The European Union has reaffirmed that countries wanting to join must provide genuine protections for their GLBT citizens.
In accepting reports on membership bids by Croatia, Macedonia and Turkey, the European Parliament reminded all three that progress on GLBT issues was a non-negotiable condition of entry.
Croatia was singled out for banning a gay pride event in Zagreb last year, while Macedonia was criticised for explicitly leaving out GLBT people of new anti-discrimination laws.
The progress report on Turkey criticised its penal code for retaining ‘public morality’ laws which have been used by authorities to harass GLBT people and organisations despite homosexuality not being a crime in the country.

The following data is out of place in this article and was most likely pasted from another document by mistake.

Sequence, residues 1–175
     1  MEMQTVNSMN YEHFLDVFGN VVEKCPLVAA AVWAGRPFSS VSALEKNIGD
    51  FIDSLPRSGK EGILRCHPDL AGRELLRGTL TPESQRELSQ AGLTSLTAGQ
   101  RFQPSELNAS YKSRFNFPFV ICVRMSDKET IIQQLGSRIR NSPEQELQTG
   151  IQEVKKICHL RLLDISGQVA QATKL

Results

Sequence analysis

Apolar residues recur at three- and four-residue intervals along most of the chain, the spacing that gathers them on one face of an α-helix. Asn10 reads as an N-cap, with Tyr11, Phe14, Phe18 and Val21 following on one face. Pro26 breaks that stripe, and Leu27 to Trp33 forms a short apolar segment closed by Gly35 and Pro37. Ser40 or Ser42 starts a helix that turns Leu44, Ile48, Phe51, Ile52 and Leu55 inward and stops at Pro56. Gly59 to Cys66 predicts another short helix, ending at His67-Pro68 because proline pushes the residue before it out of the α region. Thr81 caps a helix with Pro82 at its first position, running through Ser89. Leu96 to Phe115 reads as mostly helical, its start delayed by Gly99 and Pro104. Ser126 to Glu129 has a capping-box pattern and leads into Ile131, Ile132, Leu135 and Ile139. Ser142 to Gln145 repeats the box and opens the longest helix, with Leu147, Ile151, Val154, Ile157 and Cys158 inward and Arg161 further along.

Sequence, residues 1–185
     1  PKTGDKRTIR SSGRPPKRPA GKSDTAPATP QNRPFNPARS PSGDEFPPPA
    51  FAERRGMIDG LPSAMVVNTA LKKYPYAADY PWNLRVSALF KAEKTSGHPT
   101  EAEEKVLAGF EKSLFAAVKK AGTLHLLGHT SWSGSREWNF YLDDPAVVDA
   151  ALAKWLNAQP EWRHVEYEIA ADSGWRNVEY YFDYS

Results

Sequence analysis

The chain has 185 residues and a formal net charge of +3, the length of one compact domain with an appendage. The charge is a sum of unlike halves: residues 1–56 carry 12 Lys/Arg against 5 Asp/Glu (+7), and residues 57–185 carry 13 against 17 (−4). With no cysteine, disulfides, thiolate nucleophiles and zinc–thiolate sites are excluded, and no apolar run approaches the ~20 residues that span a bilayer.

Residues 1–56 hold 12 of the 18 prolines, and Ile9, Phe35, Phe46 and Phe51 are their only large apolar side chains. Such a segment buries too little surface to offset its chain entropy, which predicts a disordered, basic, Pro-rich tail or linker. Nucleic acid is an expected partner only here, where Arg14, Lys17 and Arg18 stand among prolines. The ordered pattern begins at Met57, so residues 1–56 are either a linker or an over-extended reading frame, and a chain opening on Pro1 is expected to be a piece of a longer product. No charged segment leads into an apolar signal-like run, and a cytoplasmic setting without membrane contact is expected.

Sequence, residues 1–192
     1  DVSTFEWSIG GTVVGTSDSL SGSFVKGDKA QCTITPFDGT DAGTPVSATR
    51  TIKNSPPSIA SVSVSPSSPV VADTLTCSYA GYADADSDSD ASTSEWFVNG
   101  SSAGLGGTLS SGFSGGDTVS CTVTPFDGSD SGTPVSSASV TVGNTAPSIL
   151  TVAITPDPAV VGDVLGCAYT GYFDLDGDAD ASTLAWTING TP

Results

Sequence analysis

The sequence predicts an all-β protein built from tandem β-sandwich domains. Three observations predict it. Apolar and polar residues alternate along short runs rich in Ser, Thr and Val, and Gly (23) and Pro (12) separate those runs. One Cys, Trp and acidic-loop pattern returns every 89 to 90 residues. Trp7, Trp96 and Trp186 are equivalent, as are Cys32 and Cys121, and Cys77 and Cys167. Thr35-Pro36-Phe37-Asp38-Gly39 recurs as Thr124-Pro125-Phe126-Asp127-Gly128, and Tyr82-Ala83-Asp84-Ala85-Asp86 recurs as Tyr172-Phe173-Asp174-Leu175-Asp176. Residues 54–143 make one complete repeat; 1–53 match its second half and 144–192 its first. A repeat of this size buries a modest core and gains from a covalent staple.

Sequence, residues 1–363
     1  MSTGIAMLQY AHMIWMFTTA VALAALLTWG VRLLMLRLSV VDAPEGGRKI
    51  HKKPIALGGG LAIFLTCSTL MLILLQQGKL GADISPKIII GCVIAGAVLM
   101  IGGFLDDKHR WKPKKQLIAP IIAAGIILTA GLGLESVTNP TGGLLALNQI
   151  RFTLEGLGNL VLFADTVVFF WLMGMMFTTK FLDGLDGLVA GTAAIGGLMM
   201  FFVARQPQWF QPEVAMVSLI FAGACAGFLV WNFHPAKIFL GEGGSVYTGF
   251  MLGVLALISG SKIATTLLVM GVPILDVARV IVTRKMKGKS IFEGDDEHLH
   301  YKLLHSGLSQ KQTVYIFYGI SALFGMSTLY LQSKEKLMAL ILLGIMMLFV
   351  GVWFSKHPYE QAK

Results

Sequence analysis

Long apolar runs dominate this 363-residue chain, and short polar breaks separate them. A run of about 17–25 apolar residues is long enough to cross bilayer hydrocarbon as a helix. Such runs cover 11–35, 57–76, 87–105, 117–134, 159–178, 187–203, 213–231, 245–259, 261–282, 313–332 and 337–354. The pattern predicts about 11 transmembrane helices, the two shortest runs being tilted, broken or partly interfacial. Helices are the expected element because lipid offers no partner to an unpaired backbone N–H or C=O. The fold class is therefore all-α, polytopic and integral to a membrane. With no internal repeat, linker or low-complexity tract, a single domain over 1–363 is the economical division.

“We have reaffirmed that anti-discrimination standards must apply in candidate countries, and [the] Commissioner for Enlargement has assured us of his support on this issue,” Austrian Greens EU MP, and co-president of its Intergroup on LGBT rights, Ulrike Lunacek told the European Parliament.
“We count on the Commission’s work in this area to make sure fundamental rights are respected in the European region.”
However, anti-gay forces in Europe recently had some success in deferring gay rights motions in the continent-wide Council of Europe grouping of 47 nations.
When two resolutions calling on members to act on GLBT discrimination were put forward, politicians from Russia and Italy proposed 70 hostile amendments in a time-wasting exercise that will delay a vote on the resolutions until April.